We see frightening things happen all the time. The scarier something is, the more real a possibility it can feel. In ‘Factfulness’, Hans Rosling compares how often things such as natural disasters actually happen and how devastating they are, with how often and how devastating people think they are. The reality is we consistently overestimate how frequent and how bad scary things are. In investment the risks are real but the risk of losing everything overnight is incredibly small. Drops in a portfolio may feel extremely unsettling, but it is important to remember that the chance of sustained losses across years are very low and recovery is normally possible.

INSTINCT 5 – THE SIZE INSTINCT

We have a tendency to be wowed by something large without pausing to consider if it really is as big as it could be. A baby elephant is undeniably a very large animal but when we stop and compare it with its adult counterpart we see its size in proportion. In investing, a bank account generating 1% – 2% returns may feel like a decent return but when we see how inflation has the potential to erode the investments or the rate at which we consume the capital, we realise what we hoped was a solid return may not be all we thought.

Taking time to think through our investment choices and being aware of the ways we can be swayed or undone by instinct is time well spent.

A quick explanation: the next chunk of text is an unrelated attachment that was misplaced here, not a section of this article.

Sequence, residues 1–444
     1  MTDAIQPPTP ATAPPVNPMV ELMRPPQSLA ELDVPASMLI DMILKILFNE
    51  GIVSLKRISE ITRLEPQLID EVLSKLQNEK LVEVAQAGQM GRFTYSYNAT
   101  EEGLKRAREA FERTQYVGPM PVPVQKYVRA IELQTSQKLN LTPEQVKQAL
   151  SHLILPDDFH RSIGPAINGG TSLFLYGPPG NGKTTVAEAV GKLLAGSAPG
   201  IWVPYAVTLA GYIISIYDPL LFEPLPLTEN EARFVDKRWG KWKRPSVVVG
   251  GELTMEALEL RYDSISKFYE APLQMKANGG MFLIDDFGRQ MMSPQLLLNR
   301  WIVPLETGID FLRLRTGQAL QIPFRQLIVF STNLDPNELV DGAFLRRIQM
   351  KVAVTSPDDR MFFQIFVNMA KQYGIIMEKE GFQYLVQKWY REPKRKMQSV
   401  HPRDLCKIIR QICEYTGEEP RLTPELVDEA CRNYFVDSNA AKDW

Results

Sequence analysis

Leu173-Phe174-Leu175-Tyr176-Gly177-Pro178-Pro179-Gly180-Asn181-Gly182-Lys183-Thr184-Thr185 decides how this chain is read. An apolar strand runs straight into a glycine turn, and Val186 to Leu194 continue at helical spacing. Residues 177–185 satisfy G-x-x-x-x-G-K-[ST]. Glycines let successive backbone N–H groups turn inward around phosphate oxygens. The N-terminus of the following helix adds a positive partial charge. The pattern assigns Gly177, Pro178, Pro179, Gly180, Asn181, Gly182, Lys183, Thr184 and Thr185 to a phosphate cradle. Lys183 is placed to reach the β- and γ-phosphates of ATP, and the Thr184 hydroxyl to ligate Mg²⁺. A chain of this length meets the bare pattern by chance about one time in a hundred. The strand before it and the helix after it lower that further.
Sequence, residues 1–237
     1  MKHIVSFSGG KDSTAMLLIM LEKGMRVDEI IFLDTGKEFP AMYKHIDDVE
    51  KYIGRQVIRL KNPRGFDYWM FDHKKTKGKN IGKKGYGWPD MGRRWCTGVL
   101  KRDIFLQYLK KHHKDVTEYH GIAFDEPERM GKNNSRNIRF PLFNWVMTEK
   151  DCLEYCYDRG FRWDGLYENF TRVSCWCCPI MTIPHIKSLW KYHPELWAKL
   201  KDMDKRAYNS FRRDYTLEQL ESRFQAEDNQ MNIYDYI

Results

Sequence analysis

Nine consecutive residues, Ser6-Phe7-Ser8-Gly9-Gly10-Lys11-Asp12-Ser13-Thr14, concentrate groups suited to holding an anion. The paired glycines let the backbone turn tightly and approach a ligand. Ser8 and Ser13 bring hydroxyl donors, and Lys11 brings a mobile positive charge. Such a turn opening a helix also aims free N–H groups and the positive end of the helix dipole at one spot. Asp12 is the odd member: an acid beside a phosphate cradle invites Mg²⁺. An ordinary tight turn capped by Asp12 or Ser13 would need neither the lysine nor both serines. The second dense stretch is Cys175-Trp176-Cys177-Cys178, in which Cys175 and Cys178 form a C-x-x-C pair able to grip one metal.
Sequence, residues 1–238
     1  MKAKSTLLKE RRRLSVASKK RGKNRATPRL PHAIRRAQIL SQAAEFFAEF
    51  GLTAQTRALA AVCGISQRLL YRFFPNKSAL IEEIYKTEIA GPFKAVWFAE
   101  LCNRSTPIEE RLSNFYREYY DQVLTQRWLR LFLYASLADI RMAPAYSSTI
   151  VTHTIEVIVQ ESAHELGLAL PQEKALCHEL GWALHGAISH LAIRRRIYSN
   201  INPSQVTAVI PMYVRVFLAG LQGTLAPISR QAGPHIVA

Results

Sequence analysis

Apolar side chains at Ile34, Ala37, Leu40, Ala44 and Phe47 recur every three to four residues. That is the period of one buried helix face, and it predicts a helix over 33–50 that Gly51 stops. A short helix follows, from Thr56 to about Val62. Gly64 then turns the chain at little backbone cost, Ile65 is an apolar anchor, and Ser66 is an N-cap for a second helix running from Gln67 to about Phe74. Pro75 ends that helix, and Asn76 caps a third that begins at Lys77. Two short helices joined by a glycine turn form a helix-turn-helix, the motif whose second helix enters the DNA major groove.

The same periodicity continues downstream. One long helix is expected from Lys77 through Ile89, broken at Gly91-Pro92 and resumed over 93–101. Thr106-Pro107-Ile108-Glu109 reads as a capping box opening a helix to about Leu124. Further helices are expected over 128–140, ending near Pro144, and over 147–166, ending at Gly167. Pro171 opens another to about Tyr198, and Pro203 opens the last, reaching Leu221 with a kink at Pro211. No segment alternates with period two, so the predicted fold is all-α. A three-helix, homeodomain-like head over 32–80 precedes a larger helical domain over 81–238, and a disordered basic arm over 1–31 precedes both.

In our second article, we will look at the 5 other human instincts discussed by Hans Rosling in his book.

This article is influenced by the book ‘Factfulness’ by Hans Rosling, Ola Rosling and Anna Rosling Rönnlund. 

Patrick Christie
Graduate Intern – WealthFlow
[email protected]

 

This article is distributed for educational purposes and should not be considered investment advice or an offer of any product for sale. This article contains the opinions of the author but not necessarily the Firm and does not represent a recommendation of any particular security, strategy or investment product. Information contained herein has been obtained from sources believed to be reliable but is not guaranteed. Past performance is not indicative of future results and no representation is made that the stated results will be replicated. Errors and omissions excepted.

News to your inbox

Register to receive occasional updates from WealthFlow to your inbox.

WealthFlow will only use the information you provide in this form to contact you and no other purpose. Please read our privacy policy.

© 2021 WealthFlow Group Limited : All Rights Reserved | Privacy | Cookies Policy

Mail correspondence to our Central Scotland Admin Hub: WealthFlow Group Limited, PO Box 14947, Grangemouth FK3 3AU.

Authorised and regulated by the Financial Conduct Authority

For your protection, unresolved complaints can be referred to the Financial Ombudsman Service.

Registered in Scotland No SC635011. Registered Office: 15 Atholl Crescent, Edinburgh EH3 8HA.

© 2020 WealthFlow Group Limited
All Rights Reserved | Privacy | Cookies Policy

Mail correspondence to our Central Scotland Admin Hub: WealthFlow Group Limited, PO Box 14947, Grangemouth FK3 3AU.

Authorised and regulated by the Financial Conduct Authority

For your protection, unresolved complaints can be referred to the Financial Ombudsman Service.

Registered in Scotland No SC635011. Registered Office: 15 Atholl Crescent, Edinburgh EH3 8HA.